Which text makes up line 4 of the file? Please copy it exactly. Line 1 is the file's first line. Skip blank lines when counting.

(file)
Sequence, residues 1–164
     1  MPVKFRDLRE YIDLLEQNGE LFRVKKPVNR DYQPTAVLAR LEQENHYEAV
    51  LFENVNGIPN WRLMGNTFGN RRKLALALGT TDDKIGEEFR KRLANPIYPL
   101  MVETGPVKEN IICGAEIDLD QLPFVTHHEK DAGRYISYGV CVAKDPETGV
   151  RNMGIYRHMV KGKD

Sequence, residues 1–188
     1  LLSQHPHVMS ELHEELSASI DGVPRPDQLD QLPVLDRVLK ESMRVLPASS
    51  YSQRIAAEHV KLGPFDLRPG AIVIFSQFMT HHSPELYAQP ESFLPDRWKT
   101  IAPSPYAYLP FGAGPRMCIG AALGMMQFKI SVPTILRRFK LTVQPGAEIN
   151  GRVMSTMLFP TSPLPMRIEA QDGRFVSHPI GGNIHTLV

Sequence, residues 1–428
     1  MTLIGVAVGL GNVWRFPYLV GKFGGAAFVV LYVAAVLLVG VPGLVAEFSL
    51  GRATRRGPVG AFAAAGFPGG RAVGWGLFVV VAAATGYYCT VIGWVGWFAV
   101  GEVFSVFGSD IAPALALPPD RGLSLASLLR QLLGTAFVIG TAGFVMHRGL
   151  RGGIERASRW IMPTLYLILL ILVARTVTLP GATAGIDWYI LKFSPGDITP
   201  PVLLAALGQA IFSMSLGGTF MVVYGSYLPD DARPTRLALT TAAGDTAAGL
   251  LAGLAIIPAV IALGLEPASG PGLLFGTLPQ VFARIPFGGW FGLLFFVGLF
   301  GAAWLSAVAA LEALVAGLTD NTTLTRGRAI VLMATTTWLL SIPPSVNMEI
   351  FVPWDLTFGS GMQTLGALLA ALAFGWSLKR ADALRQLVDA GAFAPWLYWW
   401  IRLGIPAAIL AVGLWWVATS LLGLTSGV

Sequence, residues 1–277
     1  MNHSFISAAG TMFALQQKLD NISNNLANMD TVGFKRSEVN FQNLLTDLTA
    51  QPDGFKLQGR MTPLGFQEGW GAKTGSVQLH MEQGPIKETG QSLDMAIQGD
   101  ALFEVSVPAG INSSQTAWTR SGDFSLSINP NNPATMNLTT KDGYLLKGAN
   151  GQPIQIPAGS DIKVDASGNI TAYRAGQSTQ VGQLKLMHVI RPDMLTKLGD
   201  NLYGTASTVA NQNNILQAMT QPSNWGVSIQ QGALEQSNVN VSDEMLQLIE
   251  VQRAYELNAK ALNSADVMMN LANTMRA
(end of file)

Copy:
   101  MVETGPVKEN IICGAEIDLD QLPFVTHHEK DAGRYISYGV CVAKDPETGV